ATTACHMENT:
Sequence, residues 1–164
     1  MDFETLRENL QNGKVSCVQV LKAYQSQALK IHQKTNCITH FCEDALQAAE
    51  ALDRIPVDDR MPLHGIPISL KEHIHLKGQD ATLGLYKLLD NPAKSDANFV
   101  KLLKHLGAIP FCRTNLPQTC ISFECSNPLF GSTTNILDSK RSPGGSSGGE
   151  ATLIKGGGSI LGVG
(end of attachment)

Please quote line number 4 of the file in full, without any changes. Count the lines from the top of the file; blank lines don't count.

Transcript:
   101  KLLKHLGAIP FCRTNLPQTC ISFECSNPLF GSTTNILDSK RSPGGSSGGE